MOAA-Backed Legislation Targets Spouse Jobs, Child Care

MOAA-Backed Legislation Targets Spouse Jobs, Child Care
A preschool program employee at Holloman Air Force Base, N.M., holds a tea party with Holloman children on Jan. 23. (Photo by Airman 1st Class Adrian Salazar/Air Force)

On May 7, Military Spouse Appreciation Day, Sens. Tim Kaine (D-Va.) and John Boozman (R-Ark.) announced the reintroduction of the Jobs and Childcare for Military Families Act.


The bill, S. 1532, It is a companion bill to the House version, H.R. 148, introduced earlier this year by Rep. Donald Norcross (D-N.J.).


MOAA supports the legislation, which provides for military spouses to be included as a target group for the Work Opportunity Tax Credit (WOTC) and allows uniformed servicemembers to utilize flexible spending accounts (FSA) as an employee benefit.


“I’m constantly amazed at military families’ willingness to sacrifice in service to our nation,” Kaine said in the announcement. “In return, we should do what we can to address their struggles and remove obstacles to their economic security.”


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The alarming rate of military spouse unemployment, worsened by the COVID-19 pandemic, still hovers around 24 percent, which is nearly four times that of the general population, according to the Blue Star Families Pain Points Poll.


While military spouses are often more educated than their civilian counterparts, they struggle to find and maintain gainful employment due to the unique lifestyle requirements of the military such as PCSing every two to three years, on average. Providing a tax credit gives businesses an incentive to hire military spouses.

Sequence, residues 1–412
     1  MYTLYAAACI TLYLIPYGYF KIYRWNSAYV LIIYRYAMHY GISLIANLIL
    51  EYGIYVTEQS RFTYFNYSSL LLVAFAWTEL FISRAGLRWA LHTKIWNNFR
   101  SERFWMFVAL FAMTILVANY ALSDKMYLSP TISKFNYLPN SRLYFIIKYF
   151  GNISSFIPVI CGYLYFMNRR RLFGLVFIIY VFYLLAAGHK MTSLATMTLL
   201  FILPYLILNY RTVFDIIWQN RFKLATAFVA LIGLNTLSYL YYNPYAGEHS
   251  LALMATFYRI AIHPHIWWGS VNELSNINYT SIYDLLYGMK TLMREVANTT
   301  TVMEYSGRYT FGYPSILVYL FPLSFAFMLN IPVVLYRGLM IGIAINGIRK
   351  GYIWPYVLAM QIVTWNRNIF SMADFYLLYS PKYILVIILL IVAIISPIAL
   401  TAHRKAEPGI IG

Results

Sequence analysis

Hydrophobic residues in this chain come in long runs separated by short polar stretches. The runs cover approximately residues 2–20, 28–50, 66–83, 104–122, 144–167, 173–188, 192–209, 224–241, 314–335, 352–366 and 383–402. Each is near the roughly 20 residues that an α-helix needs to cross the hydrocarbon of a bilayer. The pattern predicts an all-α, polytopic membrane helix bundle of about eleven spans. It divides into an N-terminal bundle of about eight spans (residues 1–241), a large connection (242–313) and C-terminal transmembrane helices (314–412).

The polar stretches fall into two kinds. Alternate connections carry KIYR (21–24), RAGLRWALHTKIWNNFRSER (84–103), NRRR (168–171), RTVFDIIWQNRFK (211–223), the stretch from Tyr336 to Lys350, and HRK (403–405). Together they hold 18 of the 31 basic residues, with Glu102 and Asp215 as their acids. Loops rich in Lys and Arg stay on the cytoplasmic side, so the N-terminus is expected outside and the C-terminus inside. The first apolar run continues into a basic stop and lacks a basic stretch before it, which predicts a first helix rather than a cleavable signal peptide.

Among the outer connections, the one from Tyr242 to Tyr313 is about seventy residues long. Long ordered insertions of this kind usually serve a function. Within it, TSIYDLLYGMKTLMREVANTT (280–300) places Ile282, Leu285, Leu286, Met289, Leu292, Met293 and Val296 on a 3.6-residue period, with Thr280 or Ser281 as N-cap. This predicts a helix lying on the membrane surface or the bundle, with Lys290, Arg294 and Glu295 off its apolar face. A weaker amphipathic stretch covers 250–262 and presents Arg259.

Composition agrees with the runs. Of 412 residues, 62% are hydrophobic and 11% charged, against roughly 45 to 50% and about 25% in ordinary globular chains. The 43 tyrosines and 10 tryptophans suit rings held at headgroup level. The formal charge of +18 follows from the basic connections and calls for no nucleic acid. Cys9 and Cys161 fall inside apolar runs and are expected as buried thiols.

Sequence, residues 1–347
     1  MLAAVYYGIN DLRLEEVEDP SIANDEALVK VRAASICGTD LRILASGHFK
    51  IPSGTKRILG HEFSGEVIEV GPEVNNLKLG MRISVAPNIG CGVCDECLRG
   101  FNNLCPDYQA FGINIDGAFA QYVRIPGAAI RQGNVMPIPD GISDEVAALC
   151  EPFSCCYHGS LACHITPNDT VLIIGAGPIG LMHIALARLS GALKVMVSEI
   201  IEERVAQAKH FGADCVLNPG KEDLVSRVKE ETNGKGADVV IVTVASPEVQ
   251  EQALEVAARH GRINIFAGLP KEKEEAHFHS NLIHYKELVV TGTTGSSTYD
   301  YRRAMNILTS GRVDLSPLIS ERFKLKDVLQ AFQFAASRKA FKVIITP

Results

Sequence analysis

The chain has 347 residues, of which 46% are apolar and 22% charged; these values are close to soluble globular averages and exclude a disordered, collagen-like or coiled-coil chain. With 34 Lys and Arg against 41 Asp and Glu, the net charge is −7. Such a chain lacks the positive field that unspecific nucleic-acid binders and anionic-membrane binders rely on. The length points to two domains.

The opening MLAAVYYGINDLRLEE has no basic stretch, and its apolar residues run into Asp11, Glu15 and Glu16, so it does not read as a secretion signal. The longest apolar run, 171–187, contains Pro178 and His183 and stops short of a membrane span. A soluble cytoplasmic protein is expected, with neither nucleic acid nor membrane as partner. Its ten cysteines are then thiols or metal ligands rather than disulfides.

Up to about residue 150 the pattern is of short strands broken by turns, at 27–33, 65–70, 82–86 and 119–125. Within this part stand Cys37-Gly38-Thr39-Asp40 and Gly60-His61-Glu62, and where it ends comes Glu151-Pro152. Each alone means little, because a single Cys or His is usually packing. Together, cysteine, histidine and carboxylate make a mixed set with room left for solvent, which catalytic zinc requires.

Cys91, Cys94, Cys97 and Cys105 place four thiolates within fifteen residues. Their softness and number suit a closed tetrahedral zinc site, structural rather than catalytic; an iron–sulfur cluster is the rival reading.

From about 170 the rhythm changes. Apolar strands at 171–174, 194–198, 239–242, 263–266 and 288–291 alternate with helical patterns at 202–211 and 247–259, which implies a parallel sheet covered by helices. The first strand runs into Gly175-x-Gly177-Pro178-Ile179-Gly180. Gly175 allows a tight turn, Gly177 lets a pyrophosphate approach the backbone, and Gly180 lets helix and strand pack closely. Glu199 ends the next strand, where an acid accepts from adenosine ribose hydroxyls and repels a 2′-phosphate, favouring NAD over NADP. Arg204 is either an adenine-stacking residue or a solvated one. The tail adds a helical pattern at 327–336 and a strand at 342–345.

The WOTC is a federal tax credit available to employers for hiring individuals in certain groups such as veterans. 


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“The Work Opportunity Tax Credit has been instrumental in reducing veteran unemployment rates and could provide a vital solution to addressing the high military spouse unemployment rate,” said Lt. Gen. Dana T. Atkins, USAF (Ret), MOAA’s president and CEO. “The economic downturn associated with COVID-19 has exacerbated military spouse unemployment, making the need for this legislation timely and urgent.”


Securing affordable, quality child care is another obstacle many spouses face when entering the workforce. While this is a nationwide issue, the challenge is magnified for military families moving from duty station to duty station. Long waiting lists, lack of providers with flexible hours, and the consideration of child care costs when job hunting are among the chief complaints MOAA hears from spouses seeking employment.


Providing uniformed servicemembers the opportunity to establish flexible spending accounts (FSAs) would ease these burdens. FSAs would allow servicemembers to opt in to reserve pre-tax dollars from their paychecks to pay for out-of-pocket child care expenses. According to the Office of Personnel Management, a pre-tax savings account can save a user about 30 percent on health and dependent care expenses. For a person earning $50,000 who contributes $2,000 into an FSA, the saving is approximately $600. This means you get $2,000 worth of purchasing power, plus pay about $600 less in federal taxes.


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“We should always be looking for ways to reduce their [military families] burdens and help meet their distinct needs, particularly in light of the impact frequent relocations and lengthy deployments have on their finances and responsibilities.” Boozman said. “I’m proud to be part of this bipartisan effort to make it easier for military spouses to find employment opportunities and help these heroic families afford childcare services.”


It’s time to make substantive changes to reduce military spouse unemployment and improve child care for these dedicated families. This legislation provides meaningful improvements to produce lasting change.


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About the Author

Jen Goodale
Jen Goodale

Goodale is MOAA's Director of Government Relations for Military Family and Survivor Policy.